The U.S. sugar program is a collection of import restrictions, price floors and taxpayer-backed loans designed to prop up some 4,500 domestic sugar growers while costing everyone else billions in higher prices, lost jobs and preposterous bailouts.
Federal rules have restricted sugar imports to 15 percent since 1981. Before that, sugar imports accounted for half the U.S. market.
Although sugar products comprise only 1 percent of total domestic crop production, the sugar industry accounts for 35 percent of all lobbying expenditures by crop producers, according to the Center for Responsive Politics: $8 million in 2012 and nearly $42 million since 1990, including more than $16 million by the industry’s most powerful producer, the Fanjul family, which controls 40 percent of Florida’s sugar crop. The Fanjuls own Domino and C&H Sugar and operate refineries in multiple states, including California.
The sugar industry claims its subsidy is “cost-free.” Various federal studies show otherwise:
• For each sugar-growing job saved through higher U.S. sugar prices, nearly three confectionery manufacturing jobs are lost.
• Higher domestic sugar costs are forcing American companies to relocate their factories abroad. Between 1998 and 2011, the United States saw a 22 percent drop in confectionery-manufacturing employment, and a nearly 8 percent drop in food-manufacturing employment. For perspective: Total number of Americans employed in the sugar industry: 61,000. In industries using that sugar: 988,000.
• 42 percent of all sugar subsidies go to just 1 percent of sugar growers.
Critics say U.S. sugar policy artificially inflates sugar prices to benefit an exclusive group of processors — even though it leads to higher food prices. But this year, prices fell anyway. Now, the government could be poised to use taxpayer dollars to buy up the excess sugar.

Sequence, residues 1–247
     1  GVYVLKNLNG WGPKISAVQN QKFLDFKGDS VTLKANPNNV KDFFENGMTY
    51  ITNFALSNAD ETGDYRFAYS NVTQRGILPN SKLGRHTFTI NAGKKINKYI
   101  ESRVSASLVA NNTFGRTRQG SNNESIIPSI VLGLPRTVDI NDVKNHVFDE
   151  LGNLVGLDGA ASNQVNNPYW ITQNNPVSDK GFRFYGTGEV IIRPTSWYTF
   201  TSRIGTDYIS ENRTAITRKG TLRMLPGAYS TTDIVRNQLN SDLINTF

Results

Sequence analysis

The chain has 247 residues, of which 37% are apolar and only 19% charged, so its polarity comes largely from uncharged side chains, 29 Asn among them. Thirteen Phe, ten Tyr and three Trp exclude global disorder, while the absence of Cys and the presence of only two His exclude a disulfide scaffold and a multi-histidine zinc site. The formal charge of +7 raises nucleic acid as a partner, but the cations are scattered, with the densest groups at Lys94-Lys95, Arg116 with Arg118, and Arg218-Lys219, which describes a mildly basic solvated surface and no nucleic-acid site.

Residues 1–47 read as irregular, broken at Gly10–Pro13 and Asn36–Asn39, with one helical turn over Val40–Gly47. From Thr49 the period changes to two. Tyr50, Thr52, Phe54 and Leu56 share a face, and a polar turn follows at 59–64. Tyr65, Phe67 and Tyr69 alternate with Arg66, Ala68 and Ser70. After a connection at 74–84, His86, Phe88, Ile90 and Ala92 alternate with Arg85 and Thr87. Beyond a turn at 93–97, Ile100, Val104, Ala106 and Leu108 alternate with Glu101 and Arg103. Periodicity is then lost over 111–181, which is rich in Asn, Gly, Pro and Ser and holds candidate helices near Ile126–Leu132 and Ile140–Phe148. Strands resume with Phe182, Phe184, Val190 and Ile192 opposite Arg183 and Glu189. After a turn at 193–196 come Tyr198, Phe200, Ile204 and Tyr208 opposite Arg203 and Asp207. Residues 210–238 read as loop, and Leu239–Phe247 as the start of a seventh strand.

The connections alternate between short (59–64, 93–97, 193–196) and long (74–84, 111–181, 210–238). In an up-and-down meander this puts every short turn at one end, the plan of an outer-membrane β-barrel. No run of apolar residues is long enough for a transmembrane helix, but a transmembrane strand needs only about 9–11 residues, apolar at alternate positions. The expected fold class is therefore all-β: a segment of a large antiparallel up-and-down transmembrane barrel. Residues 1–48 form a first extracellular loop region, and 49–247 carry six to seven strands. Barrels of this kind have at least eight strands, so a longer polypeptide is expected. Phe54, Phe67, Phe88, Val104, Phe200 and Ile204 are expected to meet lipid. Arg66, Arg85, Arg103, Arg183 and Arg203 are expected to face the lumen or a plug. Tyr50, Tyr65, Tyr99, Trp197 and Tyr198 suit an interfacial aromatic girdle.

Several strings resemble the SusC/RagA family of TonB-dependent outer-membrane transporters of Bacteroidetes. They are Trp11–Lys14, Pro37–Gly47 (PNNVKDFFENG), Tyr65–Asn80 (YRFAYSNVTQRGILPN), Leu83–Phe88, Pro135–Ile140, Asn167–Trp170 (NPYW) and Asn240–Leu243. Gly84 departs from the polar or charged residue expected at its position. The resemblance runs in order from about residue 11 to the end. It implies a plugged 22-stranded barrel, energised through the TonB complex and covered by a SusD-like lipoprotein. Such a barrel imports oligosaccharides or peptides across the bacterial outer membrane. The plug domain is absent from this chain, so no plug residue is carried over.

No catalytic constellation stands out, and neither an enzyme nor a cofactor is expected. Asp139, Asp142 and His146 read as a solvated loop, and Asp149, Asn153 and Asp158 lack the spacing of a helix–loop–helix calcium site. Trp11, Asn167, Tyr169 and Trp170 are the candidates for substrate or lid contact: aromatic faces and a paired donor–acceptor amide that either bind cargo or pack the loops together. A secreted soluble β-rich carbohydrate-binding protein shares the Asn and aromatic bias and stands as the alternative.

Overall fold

Sugar costs are a complicated combination of import restrictions, production quotas and a kind of guaranteed price.
“The U.S. sugar system is essentially a Soviet-style control on production,” says Chris Edwards, an economist at the Cato Institute.
The effect of these policies, he says, is that U.S. sugar prices normally remain artificially high — sometimes twice the world price. (Last year, the price of sugar around the world averaged 26.5 cents per pound, compared with 43.4 cents in the U.S.) That hurts food companies and leads to higher prices at the grocery store.
“The core goal of policymakers has been to push up U.S. sugar prices to the benefit of U.S. sugar growers,” Edwards says.
A big part of this policy is a sweet loan program for the processors that refine sugar. To pay growers like Gravois right away, processors can take out government loans. The sugar itself is the collateral.
This is a video, but the print has mention of Sugar Subsidies about 10 paragraphs in: http://www.cbsnews.com/news/in-latest-farm-bill-a-billion-tax-dollars-per-page/